You may know I recently published a book about what dancing does for people. Thinner, Fitter, Happier: Dancing Will Change Your Life! is my pride and joy. I’m ecstatic over how it turned out. I love everything about it: its gorgeous front and back covers, and every single word in between.
Nevertheless, I’ve been feeling a bit bummed because the person I most wanted to like the book as much as I do has read less than half of it…and may never finish. While I know this individual is not much of a reader, I really thought the book’s topic would be sufficiently compelling to warrant completion. I’ve been anticipating delighted responses to certain passages, and I feel let down.
But here’s the thing: I’ve got no business being bummed…or let down. It’s not anyone else’s job to make me feel wonderful about my book. The sole responsibility for feeling great about that – or any aspect of my life – lies with me.
As I learned many years ago at the Option Institute in Great Barrington Massachusetts, expecting other people to make us feel good about our accomplishments or personal characteristics – or fulfill our wishes for us – is self-destructive and futile. We need to take care of those things ourselves. Anything anyone else does or says that happens to amplify our positive feelings, or speed attainment of our goals, is icing on the cake.
Relying on, or trying to force other people to make us feel a certain way never works in the long run. If we can’t feel happy, capable, worthy, fulfilled, beautiful, sexy, etc., etc., on our own, our demands for endless validation or reassurance will soon frustrate and exhaust our friends and partners.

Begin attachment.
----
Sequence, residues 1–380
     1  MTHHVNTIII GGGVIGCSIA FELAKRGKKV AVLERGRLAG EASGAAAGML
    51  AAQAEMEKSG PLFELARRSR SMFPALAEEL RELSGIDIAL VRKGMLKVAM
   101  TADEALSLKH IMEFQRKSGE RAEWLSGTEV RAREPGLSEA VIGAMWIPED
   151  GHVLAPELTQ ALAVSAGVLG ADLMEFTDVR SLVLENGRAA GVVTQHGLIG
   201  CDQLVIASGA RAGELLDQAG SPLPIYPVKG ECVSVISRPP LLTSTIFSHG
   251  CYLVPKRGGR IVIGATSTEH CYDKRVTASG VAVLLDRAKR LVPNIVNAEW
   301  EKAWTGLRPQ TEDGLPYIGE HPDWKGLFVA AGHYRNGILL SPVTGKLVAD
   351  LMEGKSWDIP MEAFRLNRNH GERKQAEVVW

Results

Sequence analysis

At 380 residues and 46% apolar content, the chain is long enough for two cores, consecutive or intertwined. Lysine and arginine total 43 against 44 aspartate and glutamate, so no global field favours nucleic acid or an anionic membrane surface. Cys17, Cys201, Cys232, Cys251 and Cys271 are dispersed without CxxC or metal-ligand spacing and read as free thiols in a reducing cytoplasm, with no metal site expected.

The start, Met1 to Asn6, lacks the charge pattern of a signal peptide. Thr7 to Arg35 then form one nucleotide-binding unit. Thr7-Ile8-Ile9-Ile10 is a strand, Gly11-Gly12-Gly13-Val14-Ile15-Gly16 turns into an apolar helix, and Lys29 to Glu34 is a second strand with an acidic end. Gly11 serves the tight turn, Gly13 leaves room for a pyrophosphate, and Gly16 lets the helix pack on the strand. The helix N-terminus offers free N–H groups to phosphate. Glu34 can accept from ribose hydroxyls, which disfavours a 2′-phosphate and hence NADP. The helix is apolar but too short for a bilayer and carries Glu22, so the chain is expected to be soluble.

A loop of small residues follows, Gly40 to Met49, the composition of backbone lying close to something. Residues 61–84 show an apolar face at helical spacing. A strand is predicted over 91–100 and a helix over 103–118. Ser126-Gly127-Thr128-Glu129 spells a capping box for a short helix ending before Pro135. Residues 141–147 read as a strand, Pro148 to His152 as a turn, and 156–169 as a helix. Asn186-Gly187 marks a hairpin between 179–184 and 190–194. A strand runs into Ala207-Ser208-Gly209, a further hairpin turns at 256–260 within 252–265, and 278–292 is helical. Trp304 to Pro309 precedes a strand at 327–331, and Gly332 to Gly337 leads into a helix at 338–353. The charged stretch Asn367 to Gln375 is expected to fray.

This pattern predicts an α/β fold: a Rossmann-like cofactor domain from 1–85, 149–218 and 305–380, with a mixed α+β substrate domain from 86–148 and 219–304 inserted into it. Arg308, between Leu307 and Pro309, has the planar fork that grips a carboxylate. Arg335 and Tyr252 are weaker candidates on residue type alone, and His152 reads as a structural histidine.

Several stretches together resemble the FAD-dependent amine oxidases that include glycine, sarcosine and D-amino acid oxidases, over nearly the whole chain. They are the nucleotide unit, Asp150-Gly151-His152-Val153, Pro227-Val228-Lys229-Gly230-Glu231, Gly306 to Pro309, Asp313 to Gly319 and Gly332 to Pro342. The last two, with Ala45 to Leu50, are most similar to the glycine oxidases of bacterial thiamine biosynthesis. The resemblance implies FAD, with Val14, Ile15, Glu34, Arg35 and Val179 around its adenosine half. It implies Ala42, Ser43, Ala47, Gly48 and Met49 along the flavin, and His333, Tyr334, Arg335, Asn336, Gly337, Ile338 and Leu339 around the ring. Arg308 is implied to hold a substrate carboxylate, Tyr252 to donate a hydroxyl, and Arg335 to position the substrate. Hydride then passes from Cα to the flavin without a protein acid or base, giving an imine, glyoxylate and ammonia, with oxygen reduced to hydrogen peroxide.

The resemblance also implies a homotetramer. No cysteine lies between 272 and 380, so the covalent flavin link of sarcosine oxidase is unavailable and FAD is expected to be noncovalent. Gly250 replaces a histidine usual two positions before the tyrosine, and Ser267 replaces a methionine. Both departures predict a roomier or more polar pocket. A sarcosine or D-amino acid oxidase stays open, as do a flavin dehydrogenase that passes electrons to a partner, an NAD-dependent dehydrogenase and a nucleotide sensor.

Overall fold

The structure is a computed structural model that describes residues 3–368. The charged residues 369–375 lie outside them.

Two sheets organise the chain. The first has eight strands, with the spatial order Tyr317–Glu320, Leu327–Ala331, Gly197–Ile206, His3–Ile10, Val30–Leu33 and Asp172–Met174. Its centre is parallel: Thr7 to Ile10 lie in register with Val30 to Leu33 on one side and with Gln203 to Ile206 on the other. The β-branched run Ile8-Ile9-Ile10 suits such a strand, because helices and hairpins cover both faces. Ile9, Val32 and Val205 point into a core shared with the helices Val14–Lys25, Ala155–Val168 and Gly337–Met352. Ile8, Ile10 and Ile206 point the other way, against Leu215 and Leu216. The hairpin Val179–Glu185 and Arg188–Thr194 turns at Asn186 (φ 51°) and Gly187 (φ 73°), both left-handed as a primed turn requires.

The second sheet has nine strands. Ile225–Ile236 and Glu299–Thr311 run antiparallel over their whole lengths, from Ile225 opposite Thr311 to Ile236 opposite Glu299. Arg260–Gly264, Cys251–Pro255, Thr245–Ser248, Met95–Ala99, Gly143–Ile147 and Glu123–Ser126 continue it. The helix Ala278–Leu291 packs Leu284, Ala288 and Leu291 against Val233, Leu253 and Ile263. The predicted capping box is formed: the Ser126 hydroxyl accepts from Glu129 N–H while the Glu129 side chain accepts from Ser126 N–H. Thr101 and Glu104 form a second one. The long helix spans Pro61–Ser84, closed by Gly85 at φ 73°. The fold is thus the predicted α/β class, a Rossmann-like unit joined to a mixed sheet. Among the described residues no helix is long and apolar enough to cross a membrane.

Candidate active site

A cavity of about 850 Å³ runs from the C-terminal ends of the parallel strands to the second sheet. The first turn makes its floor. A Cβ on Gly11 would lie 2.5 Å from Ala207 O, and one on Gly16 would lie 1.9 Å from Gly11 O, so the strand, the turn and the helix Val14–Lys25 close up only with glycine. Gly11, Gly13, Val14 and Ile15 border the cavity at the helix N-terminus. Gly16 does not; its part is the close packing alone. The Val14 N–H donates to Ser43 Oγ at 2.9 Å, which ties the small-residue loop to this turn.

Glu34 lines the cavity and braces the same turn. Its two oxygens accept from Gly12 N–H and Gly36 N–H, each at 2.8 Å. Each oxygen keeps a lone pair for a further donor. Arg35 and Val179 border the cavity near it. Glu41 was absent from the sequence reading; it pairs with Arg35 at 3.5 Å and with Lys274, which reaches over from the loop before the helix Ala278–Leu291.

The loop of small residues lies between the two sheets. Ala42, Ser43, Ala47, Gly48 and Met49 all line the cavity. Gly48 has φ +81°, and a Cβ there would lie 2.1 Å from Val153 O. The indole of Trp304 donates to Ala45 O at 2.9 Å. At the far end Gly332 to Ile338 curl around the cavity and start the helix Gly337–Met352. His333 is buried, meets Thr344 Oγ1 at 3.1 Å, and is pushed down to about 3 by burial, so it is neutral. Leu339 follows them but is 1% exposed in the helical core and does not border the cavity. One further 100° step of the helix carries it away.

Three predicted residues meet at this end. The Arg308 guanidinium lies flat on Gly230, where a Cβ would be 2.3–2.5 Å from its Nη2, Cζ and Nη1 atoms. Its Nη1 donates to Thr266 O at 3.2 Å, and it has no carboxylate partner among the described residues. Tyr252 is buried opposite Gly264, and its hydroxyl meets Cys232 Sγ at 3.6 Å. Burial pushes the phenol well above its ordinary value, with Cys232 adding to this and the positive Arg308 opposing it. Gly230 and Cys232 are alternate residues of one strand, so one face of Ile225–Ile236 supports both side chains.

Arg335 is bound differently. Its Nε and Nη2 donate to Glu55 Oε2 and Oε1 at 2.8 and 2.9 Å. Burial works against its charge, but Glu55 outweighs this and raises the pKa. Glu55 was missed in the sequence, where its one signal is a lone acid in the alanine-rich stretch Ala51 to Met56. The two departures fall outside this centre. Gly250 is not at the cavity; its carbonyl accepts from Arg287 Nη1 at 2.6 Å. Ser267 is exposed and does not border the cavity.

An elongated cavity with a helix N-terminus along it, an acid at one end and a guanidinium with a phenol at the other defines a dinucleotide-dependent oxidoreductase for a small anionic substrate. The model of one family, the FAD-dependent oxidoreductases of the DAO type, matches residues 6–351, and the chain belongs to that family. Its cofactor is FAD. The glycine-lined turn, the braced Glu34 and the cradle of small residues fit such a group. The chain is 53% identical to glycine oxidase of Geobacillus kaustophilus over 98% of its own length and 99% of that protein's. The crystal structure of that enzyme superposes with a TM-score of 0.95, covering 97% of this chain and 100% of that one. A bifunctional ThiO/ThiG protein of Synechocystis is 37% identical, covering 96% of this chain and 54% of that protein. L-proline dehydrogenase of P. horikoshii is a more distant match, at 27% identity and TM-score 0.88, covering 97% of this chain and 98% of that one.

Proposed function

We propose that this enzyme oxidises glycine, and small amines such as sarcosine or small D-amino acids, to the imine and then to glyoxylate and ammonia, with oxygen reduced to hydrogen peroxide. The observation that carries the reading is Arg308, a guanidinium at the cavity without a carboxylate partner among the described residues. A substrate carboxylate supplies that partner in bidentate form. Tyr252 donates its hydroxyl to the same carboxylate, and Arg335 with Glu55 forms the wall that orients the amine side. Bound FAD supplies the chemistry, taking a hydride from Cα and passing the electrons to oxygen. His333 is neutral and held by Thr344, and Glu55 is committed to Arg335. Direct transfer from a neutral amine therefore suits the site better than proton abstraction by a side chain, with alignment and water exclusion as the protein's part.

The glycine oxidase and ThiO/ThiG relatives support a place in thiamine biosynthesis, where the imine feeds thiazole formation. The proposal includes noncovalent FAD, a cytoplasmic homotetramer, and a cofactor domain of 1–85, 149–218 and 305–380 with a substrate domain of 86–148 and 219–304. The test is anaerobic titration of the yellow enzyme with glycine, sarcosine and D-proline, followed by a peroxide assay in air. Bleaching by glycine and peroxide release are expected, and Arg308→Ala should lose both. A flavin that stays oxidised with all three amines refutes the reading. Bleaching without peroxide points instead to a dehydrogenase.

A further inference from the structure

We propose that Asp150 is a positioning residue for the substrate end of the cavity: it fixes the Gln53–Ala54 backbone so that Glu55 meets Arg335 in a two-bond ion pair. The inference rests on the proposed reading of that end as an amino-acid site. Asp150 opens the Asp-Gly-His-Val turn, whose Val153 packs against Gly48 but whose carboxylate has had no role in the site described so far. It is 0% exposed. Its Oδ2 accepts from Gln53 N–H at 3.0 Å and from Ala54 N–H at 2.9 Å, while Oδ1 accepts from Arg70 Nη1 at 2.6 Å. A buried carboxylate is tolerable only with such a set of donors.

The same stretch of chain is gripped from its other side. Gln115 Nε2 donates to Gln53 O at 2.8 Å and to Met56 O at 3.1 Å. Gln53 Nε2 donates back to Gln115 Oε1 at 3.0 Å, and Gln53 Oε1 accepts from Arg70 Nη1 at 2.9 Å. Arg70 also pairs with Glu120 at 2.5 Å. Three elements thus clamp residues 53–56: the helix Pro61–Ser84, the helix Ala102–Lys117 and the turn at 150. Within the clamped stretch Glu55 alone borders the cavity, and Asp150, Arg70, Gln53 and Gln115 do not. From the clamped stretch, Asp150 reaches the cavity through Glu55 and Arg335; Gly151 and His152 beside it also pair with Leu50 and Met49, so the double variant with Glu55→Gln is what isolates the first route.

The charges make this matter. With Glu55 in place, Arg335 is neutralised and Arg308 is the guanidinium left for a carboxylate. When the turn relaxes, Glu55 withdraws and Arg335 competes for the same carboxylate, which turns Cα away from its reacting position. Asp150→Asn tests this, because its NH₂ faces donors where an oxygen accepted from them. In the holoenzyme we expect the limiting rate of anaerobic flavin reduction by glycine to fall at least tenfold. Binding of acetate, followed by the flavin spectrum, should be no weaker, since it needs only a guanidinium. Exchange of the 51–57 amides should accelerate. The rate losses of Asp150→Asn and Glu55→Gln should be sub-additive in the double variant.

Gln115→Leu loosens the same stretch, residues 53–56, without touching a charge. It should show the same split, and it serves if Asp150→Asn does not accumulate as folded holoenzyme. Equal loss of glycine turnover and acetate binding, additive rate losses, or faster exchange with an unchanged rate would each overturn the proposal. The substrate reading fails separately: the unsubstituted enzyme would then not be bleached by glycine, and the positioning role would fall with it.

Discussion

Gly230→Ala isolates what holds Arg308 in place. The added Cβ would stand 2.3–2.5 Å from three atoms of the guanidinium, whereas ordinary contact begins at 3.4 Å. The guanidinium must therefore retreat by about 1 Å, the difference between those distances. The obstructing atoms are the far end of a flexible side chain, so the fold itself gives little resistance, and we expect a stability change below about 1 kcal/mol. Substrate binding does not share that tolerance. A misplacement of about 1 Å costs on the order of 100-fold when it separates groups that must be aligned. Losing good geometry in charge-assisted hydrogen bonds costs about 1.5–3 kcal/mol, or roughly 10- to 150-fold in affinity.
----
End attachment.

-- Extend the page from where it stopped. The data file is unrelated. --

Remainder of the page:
Which brings me to the this post’s title. Only if you want to was a mantra at Option. It was shorthand for the Institutes’ main message: trying to coerce others into meeting our needs is relationship poison.
If your partner doesn’t want to go to the movies with you, don’t insist. Take responsibility for your own amusement and go by yourself.
If your best friend is introverted and would prefer to skip your cocktail party, be absolutely fine with that. Let her be who she is and how she is without judging her.
Will I be nagging that person who hasn’t finished my book to do so? Nope. Not a peep. When tempted to prod or cajole, I shall remind myself that the loving, accepting, and non-demanding attitude I must demand of myself is this: Read more only If you want to.